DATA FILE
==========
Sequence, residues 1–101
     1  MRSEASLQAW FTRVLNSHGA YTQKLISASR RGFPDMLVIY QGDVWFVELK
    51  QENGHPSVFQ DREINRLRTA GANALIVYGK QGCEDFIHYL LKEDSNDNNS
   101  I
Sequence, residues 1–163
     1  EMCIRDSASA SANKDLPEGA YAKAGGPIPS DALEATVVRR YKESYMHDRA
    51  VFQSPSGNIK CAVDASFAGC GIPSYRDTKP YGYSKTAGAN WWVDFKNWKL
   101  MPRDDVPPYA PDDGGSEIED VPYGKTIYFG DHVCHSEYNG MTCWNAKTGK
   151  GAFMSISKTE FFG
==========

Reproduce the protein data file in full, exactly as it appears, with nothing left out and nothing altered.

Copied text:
Sequence, residues 1–101
     1  MRSEASLQAW FTRVLNSHGA YTQKLISASR RGFPDMLVIY QGDVWFVELK
    51  QENGHPSVFQ DREINRLRTA GANALIVYGK QGCEDFIHYL LKEDSNDNNS
   101  I
Sequence, residues 1–163
     1  EMCIRDSASA SANKDLPEGA YAKAGGPIPS DALEATVVRR YKESYMHDRA
    51  VFQSPSGNIK CAVDASFAGC GIPSYRDTKP YGYSKTAGAN WWVDFKNWKL
   101  MPRDDVPPYA PDDGGSEIED VPYGKTIYFG DHVCHSEYNG MTCWNAKTGK
   151  GAFMSISKTE FFG